"At expected flow rates and projected H2S concentrations, the two projects incorporating 8-vessel systems in total will require approximately 20 000 ft3 of MV's BioActive Media on an annual replacement basis," said Tom Jones, President of MV. "To further enable MV to realise the growing market opportunity, we are actively expanding both our domestic and international sales footprint with strategic partnerships. MV has recently entered into business development agreements with three senior marketing representatives with extensive landfill gas experience on the east coast of the US. We concentrated our initial efforts on the Eastern US because of its high population centres and landfill site concentrations as well as its stringent emission regulations. We are now looking at the west coast to establish similar arrangements.

"Most recently we've established a strategic partnership with one of the world's largest biogas upgrading companies to represent MV in the New Zealand, Australian and Southeast Asian markets. This relationship is in response to recent regulatory pressure to reduce greenhouse gas emission from Palm Oil Mill Effluent (POME). The increased demand for palm oil has increased the number of installations of anaerobic digesters to create and capture methane in a controlled manner. Most POME facilities intend to use the biogas to generate electricity to offset their electrical needs and their reliance on fossil fuels. The biogas from the POME has high concentrations of H2S that must be removed before it can be economically utilised to generate electricity. There are over 1000 POME facilities in Southeast Asia that will have to remove H2S from their biogas if they intend to utilise this resource," explained Jones.

"I am also encouraged by the recent changes in the emission standards required by the EPA, which dramatically increases the number of landfills that will be required to install landfill gas (LFG) collection systems," continued Jones. "As the regulations become stricter, it increases MV's opportunity to sell more treatments systems and the continued ongoing sales of the associated BAM to remove H2S from the landfill gas."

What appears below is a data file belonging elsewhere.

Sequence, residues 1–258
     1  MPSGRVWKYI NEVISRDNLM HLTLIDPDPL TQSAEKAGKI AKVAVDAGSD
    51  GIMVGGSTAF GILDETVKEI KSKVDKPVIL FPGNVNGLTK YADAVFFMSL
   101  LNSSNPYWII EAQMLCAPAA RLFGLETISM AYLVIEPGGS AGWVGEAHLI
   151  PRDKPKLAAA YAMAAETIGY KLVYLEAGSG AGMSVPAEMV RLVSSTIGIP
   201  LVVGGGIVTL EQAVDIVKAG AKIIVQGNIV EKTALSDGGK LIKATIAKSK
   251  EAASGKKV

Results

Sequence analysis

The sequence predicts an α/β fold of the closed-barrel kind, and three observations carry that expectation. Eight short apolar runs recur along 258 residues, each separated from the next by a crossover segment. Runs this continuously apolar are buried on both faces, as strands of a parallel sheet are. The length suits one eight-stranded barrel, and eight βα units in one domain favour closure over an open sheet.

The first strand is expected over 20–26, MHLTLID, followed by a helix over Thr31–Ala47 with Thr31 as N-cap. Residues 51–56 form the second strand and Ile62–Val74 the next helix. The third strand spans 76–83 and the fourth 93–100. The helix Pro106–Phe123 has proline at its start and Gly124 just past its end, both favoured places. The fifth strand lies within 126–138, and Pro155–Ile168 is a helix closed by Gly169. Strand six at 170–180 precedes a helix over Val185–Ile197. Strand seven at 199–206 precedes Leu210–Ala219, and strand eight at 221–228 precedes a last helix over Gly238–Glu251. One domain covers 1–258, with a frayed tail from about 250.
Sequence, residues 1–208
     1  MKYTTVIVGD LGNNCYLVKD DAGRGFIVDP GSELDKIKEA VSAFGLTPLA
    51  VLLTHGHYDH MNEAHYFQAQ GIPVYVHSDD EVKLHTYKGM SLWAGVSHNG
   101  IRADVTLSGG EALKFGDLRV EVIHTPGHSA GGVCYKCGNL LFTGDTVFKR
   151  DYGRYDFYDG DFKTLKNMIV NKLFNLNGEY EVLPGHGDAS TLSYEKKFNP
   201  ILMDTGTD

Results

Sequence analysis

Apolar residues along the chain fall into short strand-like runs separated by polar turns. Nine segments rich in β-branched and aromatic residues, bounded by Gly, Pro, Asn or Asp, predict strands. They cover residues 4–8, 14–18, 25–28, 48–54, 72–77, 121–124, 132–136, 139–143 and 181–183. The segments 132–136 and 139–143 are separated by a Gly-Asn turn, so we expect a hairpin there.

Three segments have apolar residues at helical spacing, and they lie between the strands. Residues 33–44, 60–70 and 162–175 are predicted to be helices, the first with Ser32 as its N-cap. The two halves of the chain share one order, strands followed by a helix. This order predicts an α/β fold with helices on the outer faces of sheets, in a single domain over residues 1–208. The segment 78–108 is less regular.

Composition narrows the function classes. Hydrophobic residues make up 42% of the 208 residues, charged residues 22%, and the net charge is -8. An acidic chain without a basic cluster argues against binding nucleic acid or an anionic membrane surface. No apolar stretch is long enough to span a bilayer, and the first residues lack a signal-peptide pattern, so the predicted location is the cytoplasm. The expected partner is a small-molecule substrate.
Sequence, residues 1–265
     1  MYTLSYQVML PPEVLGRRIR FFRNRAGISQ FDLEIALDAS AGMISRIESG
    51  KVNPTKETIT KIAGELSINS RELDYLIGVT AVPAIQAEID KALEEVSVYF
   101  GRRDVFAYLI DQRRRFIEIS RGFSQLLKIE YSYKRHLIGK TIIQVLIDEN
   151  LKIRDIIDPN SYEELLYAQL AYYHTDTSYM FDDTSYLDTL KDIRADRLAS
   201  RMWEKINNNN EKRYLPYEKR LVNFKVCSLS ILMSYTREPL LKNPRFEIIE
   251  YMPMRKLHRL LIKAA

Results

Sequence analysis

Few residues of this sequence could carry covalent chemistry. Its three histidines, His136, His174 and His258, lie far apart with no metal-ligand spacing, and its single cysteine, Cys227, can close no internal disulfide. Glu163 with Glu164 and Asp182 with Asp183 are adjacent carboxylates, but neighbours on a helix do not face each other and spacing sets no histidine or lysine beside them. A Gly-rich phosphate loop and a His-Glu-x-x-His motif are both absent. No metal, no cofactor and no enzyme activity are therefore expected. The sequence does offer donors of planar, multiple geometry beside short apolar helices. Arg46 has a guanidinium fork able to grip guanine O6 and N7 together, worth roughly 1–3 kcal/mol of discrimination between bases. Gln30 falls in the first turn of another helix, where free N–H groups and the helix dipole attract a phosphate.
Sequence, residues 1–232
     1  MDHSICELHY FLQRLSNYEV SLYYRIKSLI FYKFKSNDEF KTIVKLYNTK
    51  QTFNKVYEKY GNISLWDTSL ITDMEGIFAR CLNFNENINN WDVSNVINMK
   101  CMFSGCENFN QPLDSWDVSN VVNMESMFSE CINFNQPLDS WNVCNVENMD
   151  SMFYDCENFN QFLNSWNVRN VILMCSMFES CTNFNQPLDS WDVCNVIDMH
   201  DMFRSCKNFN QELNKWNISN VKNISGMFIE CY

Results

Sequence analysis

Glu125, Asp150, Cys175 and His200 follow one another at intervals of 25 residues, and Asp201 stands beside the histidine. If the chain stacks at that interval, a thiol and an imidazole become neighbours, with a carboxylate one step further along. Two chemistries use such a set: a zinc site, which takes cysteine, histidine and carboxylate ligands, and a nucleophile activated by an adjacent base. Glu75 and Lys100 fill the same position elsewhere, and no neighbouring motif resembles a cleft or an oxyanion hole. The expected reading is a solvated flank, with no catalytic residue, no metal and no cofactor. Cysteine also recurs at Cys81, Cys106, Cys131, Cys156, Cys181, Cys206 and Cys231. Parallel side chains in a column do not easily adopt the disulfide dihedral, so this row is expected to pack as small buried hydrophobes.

Landfill gas

Landfill gas (LFG) is created when organic waste in a municipal solid waste landfill decomposes. This gas consists of about 50% methane (the primary component of natural gas), about 50% carbon dioxide (CO2), and a small amount of non-methane organic compounds (NMOCs). Instead of being allowed to escape into the air, LFG can be captured, converted, and used as an energy source. Using LFG helps to reduce odours and other hazards associated with LFG emissions, and helps prevent methane from being emitted into the atmosphere and contributing to local smog and global climate change.

Recovered landfill gas

Almost any entity can use LFG for a variety of purposes. One option is for utilities and power providers to purchase the electricity generated from the recovered LFG. Purchasing electricity from LFG enables utilities and power providers to add a renewable energy component to their energy portfolios. In addition, any entity (including municipalities, local industrial customers, and other organisations) that has a need for a direct and constant power supply is a good candidate for LFG use. LFG can be piped directly to a nearby facility for use as either a boiler or industrial process fuel. Direct use of LFG is reliable and requires minimal processing and minor modifications to existing combustion equipment.